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Us+P Social Media Series Food #3


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Here is a look at what is happening in the restaurant industry via social media.

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Us+P Social Media Series Food #3

  1. 1. Tweet This!If you think going social might bea good idea one day, make thatday today.SOCIAL MEDIA SERIES #4Food Sector 2011US+PARTNERS 1674 Broadway 4th Floor New York, NY 10019 T 1-212-712-9119
  2. 2. HOW WE CAN BENEFIT YOU. RIGHT NOW.We -- at US+Partners -- are delighted to share this latest “state of social” briefing on the quickservice food sector. It’s part of our ongoing executive series on trends in new and social media. AtUS, we help companies and organizations leverage and navigate the Second Digital Age -- in whichbrands become social and consumers drive the terms and speed of engagement.In today’s virtual world, social media conversations are having a direct impact on quick service res-taurant sales and brand reputations. Every day, customers are questioning their food and diningoptions and making product choices based on their online conversations, many of which consist ofun-edited and un-qualified user-generated content.With the increased popularity of tools such as Twitter, Facebook -- and now Google+, among othersocial networks and online communities -- families and teens are able to interact with each otherfrom across the globe. They’re doing this in unprecedented numbers at unprecedented speeds. Formany people, the first place they seek food selection and pricing/”deal” information is online.Consumers also are sharing invaluable information online about their preferences and behavior.Correctly understood and leveraged, these insights can potentially help all functions of product se-lection and development - from menu diversity to special pricing - to produce and promote moreeffective and healthier, more cause-conscious offerings.Read on>US+PARTNERS 1674 Broadway 4th Floor New York, NY 10019 T 1-212-712-9119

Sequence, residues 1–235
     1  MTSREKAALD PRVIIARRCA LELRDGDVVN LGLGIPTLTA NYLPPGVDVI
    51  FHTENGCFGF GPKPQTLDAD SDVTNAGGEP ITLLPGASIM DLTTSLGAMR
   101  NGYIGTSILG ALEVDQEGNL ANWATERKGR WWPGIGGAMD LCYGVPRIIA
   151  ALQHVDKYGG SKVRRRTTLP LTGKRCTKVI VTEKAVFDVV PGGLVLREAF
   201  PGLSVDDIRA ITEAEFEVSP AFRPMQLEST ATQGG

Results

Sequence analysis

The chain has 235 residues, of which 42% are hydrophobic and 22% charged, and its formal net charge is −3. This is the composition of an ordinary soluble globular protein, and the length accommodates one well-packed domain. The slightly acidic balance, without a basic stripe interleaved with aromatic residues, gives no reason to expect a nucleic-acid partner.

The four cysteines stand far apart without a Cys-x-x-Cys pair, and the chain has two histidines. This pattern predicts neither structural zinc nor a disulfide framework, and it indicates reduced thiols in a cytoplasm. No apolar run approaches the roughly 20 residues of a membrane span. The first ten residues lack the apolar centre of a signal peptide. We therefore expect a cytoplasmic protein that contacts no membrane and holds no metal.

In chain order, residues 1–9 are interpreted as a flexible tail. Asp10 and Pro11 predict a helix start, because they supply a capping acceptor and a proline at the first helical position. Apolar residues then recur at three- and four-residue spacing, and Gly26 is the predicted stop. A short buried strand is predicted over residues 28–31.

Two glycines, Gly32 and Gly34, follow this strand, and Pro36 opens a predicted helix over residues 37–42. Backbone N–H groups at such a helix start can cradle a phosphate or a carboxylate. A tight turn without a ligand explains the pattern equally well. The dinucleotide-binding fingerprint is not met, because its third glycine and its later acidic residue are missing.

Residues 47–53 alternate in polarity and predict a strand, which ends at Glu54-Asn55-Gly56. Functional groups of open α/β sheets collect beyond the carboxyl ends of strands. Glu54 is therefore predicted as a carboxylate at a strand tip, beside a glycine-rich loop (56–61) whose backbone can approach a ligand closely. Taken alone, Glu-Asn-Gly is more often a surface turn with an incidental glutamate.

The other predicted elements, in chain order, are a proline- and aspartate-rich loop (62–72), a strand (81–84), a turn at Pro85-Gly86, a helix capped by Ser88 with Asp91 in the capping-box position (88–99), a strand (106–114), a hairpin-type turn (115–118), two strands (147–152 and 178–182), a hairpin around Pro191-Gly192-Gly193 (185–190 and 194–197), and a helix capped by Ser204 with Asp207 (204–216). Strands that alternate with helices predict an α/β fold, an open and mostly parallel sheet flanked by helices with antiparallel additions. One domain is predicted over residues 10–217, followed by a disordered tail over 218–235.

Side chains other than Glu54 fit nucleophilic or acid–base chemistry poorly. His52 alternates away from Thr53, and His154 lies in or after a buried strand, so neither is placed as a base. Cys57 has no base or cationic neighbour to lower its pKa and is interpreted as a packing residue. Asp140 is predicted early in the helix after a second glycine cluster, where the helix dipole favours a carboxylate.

3. 3. YOUR OPPORTUNITY WITH (1) HEALTH (2) ‘DEAL HUNTING.’Health and ‘deal hunting’ are now as important to some consumers as having the shiniest, biggeststatus symbols: increasingly, consumers will expect healthier, less expensive products and servicesacross the marketplace to prevent misery if not improve their quality of life.Some signs of the times: • 73% of US consumers consider being physically fit important to being ‘well’, with 74% in- cluding ‘feeling good about themselves’. (Source: The Hartman Group, August 2010) • An estimated 500 million people worldwide are expected to be using mobile healthcare applications by 2015. (Source: Reasearch2Guidance, November 2010) • The heaviest use of healthy food apps is by young adults: about 15% of those aged 18 to 29 have such apps, verus 8% of users aged 30 to 49. (Source: Pew Internet Project, 2010)In the next 12 months, count on even more “personalization” (self-monitoring) technologies be-coming portable or even wearable, as well as getting cheaper (the smart phones held by manyconsumers are now more advanced than most dedicated medical devices).Also, both regular and dedicated food-spotting and dining social networks are giving audiences a newplatform to share, compare and discuss their personal food choices and issues with other consumers.Consumers are engaging in online conversations about quick service food choices, coupon deals,community activism and health/environmental concerns - whether companies participate or not.US+PARTNERS 1674 Broadway 4th Floor New York, NY 10019 T 1-212-712-9119